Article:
Compensatory Response to Anticipated Densities

Compensatory Response to Anticipated Densities The coping processes associated with crowding stress were conceptualized as dynamic sequences of personal or situational adjustments and readjustments directed toward maintaining desired frequencies of social contact. By studying ongoing coping processes as subjects prepared for anticipated crowding, evidence of social withdrawal as a response to crowding was obtained. In addition, findings suggested that these processes were sensitive to change in the situation, seeking or avoiding interaction as anticipated group size changed. Subjects who were subsequently told that they would be interacting in small groups rather than in larger groups reported less crowding and discomfort than subjects whose anticipation of large group interaction was maintained. Furthermore, subjects whose expectations of large group interaction were disconfirmed increased facial regard for others following disconfirmation, indicating a greater willingness to interact. These findings were discussed as evidence of optimization processes governing desired levels of social contact, intimacy, and personal space. http://www.deepdyve.com/assets/images/DeepDyve-Logo-lg.png Journal of Applied Social Psychology Wiley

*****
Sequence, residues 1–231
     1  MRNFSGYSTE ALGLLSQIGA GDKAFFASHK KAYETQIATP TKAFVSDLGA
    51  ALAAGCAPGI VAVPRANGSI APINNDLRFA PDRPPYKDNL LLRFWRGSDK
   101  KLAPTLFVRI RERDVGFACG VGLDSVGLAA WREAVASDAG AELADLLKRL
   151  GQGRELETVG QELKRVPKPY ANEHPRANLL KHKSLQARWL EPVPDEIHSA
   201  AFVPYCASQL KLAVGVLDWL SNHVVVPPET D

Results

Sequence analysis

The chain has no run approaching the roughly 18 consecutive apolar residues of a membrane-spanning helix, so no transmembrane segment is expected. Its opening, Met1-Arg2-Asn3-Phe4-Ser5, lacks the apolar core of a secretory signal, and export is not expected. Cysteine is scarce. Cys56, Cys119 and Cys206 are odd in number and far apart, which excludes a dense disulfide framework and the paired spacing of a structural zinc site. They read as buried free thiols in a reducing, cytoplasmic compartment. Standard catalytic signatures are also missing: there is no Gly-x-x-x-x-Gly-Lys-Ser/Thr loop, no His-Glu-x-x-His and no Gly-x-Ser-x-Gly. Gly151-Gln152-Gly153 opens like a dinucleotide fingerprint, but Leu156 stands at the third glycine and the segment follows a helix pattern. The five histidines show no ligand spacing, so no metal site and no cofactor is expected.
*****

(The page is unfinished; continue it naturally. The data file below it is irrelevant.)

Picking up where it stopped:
Compensatory Response to Anticipated Densities

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Publisher
Wiley
Copyright
Copyright © 1979 Wiley Subscription Services, Inc., A Wiley Company
ISSN
0021-9029
eISSN
1559-1816
DOI
10.1111/j.1559-1816.1979.tb00791.x
Publisher site
See Article on Publisher Site

Abstract

The coping processes associated with crowding stress were conceptualized as dynamic sequences of personal or situational adjustments and readjustments directed toward maintaining desired frequencies of social contact. By studying ongoing coping processes as subjects prepared for anticipated crowding, evidence of social withdrawal as a response to crowding was obtained. In addition, findings suggested that these processes were sensitive to change in the situation, seeking or avoiding interaction as anticipated group size changed. Subjects who were subsequently told that they would be interacting in small groups rather than in larger groups reported less crowding and discomfort than subjects whose anticipation of large group interaction was maintained. Furthermore, subjects whose expectations of large group interaction were disconfirmed increased facial regard for others following disconfirmation, indicating a greater willingness to interact. These findings were discussed as evidence of optimization processes governing desired levels of social contact, intimacy, and personal space.

Journal

Journal of Applied Social PsychologyWiley

Published: Feb 1, 1979

References

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